3

I found one paper on the Internet which presents a syllabification algorithm for Lao: Syllabification of Lao Script for Line Breaking I don't find it fully describes what it purports to though and it seems to cover syllable structures I'm so far unaware of in Lao.


3

I have found this one, the icu_tokenizer. The icu_tokenizer uses the same Unicode Text Segmentation algorithm as the standard tokenizer, but adds better support for some Asian languages by using a dictionary-based approach to identify words in Thai, Lao, Chinese, Japanese, and Korean, and using custom rules to break Myanmar and Khmer text into syllables. ...


3

Plural formation in Bulgarian depends on whether the noun is masculine, feminine or neuter. On top of that, it also depends if the noun is monosyllabic or polysyllabic. Masculine nouns Monosyllabic: in most cases, use ~ove at the end of the word (e.g. stol - stolove - chair). Nevertheless, some masculine monosyllabic nouns have their own plural form and do ...


2

Nominal compounds are an inherited feature in Indo-European. Classical (i.e. post-Vedic) Sanskrit has lots of very long compounds rivalling anything in German.


2

1.Any polysynthetic language would have such a feature having within any of its word-sentences a 'verbal' particle. This is also one of the traits characteristical for French (with no distinction between parts of speech used for word formation, but with occasional differentiation between grammatical forms of the components), because this language may be ...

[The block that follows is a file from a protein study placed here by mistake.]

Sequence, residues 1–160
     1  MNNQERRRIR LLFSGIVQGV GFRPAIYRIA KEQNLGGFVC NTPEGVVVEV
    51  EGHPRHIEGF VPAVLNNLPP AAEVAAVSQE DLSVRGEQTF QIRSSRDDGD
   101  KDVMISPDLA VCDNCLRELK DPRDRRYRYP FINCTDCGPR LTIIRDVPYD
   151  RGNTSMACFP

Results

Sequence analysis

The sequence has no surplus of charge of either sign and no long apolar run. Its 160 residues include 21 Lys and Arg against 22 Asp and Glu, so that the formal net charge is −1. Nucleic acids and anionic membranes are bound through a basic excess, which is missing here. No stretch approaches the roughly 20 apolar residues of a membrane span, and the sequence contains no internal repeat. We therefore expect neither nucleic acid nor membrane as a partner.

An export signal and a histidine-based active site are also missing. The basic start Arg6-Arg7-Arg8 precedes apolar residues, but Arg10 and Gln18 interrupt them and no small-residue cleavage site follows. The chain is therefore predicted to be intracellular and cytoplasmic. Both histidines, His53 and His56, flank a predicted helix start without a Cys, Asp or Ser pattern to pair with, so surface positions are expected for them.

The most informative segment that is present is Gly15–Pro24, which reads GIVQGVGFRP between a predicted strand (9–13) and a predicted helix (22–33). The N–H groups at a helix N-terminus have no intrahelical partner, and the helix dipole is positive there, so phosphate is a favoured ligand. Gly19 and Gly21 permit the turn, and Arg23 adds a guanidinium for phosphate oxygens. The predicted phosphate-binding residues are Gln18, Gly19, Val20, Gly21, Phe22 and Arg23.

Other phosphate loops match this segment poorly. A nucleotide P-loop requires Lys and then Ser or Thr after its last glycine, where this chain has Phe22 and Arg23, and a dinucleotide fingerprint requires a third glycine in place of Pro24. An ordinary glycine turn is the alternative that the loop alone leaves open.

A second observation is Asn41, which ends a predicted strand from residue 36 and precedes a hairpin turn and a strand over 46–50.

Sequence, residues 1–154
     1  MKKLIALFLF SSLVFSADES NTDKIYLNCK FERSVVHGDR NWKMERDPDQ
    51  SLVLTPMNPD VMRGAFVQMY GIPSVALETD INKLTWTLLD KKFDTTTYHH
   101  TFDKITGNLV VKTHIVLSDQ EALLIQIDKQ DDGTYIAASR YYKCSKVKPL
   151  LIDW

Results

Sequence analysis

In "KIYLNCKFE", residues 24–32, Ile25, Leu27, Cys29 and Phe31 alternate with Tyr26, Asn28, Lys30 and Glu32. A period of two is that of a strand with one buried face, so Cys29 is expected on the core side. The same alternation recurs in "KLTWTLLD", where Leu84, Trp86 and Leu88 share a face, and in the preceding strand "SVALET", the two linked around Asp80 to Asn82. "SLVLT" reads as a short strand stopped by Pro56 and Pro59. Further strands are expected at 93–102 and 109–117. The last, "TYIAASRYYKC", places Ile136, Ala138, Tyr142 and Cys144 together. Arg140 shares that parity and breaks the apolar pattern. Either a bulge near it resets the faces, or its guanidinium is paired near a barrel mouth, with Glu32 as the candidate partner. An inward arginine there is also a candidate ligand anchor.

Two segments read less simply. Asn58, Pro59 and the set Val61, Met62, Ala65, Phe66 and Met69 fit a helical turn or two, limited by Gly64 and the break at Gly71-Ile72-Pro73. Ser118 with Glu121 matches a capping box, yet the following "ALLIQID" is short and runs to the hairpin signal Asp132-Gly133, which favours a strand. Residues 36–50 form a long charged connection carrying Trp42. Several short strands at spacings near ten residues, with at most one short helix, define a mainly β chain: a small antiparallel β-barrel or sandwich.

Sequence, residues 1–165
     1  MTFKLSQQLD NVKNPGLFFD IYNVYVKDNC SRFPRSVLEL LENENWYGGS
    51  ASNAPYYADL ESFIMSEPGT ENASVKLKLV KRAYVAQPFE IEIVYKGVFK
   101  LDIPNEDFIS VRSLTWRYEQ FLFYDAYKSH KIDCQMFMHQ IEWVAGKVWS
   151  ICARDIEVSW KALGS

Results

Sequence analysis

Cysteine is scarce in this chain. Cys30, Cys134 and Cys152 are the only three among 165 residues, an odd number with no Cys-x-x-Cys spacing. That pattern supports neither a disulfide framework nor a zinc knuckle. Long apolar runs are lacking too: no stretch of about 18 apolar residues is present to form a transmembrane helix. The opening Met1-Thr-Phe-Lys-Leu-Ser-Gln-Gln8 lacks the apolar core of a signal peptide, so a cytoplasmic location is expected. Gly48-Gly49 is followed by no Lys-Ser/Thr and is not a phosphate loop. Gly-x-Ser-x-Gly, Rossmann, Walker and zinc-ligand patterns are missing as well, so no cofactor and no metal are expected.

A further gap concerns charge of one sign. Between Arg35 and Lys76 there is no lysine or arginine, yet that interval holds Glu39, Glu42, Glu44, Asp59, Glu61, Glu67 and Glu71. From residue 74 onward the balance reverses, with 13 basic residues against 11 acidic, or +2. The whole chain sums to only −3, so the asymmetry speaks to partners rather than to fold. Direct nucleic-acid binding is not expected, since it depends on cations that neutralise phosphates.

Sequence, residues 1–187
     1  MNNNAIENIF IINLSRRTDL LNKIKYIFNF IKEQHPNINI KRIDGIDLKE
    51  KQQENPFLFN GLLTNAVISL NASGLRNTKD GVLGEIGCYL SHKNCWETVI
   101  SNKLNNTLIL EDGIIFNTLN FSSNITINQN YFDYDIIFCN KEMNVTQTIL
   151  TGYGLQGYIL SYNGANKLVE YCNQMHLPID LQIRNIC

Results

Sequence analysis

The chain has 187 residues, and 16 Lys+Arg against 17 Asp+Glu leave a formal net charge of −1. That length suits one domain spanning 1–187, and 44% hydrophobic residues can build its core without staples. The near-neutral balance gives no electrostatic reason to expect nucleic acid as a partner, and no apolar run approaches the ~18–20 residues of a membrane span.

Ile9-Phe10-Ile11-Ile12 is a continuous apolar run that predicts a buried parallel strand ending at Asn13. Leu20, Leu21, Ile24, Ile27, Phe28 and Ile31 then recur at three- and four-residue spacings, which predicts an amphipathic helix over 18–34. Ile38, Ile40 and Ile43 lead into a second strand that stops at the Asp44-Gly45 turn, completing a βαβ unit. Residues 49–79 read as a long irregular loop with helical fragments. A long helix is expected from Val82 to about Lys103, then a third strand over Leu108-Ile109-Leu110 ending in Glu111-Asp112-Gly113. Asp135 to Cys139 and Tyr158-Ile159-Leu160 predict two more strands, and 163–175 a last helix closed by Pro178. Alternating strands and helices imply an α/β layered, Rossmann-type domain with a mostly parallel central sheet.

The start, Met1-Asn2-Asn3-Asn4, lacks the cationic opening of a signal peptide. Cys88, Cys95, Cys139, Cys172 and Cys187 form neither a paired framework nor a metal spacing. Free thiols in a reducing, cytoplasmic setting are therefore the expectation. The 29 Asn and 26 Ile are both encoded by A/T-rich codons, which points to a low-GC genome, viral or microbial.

2

Since -ly can be affixed to nouns (gentlemanly, friendly, ghostly, spritely) and adjectives (unlikely, quickly, heavily, lightly), but not to verbs, then it isn't much use as a diagnostic of word class. It also doesn't doesn't combine with "house" or "yellow", so in case you were looking for an argument than "run" is a verb, the fact that you don't get *...


2

The first stem is ἁλι- derives from the word ἁλς meaning "sea" or generally the water close to the shore. Then you have πτοίᾱ which means "terror, fright, fear".


2

You have actually answered your question. According to the examples given, possessive is formed with the following pattern: 3rd person Singular: s + root + be 2nd person Plural: s + root + lu Plus, voiced b/d/g in the 1st syllable of the root becomes voiceless p/t/k. You must be confused with unability to tell whether or not the vowel matters here. The ...


2

"Correct" formulation of rules is relative to some context, for example in the context of a specific theory like Distributed Morphology, or Two Level Morphology. If you are just attempting to describe a fact pattern, a plain English statement would suffice, and in fact is superior to a "formalization", since using a set of symbols the way you did suggests ...


2

I think there is a bug in your rule, as you write it, any word can form a plural adding an i, even when the word ends in a vowel. My corrected version of the rule is ə → i / _# ∅ → i / C _ # using a capital C as a metacharacter for any consonant. BTW, the notation is known as SPE style rules or SPE type rules and goes back to Xerox Finite State Tools (...


2